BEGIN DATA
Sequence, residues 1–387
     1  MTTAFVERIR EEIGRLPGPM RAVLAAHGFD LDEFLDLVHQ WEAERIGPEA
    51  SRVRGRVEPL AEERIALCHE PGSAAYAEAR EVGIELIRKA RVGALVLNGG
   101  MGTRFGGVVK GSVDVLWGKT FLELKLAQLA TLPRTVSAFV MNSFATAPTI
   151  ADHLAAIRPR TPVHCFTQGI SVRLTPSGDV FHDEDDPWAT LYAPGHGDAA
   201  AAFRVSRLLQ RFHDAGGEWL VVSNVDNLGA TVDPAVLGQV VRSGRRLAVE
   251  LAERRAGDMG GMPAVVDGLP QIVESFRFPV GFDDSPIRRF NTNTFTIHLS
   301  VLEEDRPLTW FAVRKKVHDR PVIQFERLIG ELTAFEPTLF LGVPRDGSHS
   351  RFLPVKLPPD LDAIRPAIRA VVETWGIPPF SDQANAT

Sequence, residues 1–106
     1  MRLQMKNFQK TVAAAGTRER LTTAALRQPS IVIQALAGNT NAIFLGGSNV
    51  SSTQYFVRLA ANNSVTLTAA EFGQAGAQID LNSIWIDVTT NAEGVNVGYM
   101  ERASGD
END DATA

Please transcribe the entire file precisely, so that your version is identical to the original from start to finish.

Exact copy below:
Sequence, residues 1–387
     1  MTTAFVERIR EEIGRLPGPM RAVLAAHGFD LDEFLDLVHQ WEAERIGPEA
    51  SRVRGRVEPL AEERIALCHE PGSAAYAEAR EVGIELIRKA RVGALVLNGG
   101  MGTRFGGVVK GSVDVLWGKT FLELKLAQLA TLPRTVSAFV MNSFATAPTI
   151  ADHLAAIRPR TPVHCFTQGI SVRLTPSGDV FHDEDDPWAT LYAPGHGDAA
   201  AAFRVSRLLQ RFHDAGGEWL VVSNVDNLGA TVDPAVLGQV VRSGRRLAVE
   251  LAERRAGDMG GMPAVVDGLP QIVESFRFPV GFDDSPIRRF NTNTFTIHLS
   301  VLEEDRPLTW FAVRKKVHDR PVIQFERLIG ELTAFEPTLF LGVPRDGSHS
   351  RFLPVKLPPD LDAIRPAIRA VVETWGIPPF SDQANAT

Sequence, residues 1–106
     1  MRLQMKNFQK TVAAAGTRER LTTAALRQPS IVIQALAGNT NAIFLGGSNV
    51  SSTQYFVRLA ANNSVTLTAA EFGQAGAQID LNSIWIDVTT NAEGVNVGYM
   101  ERASGD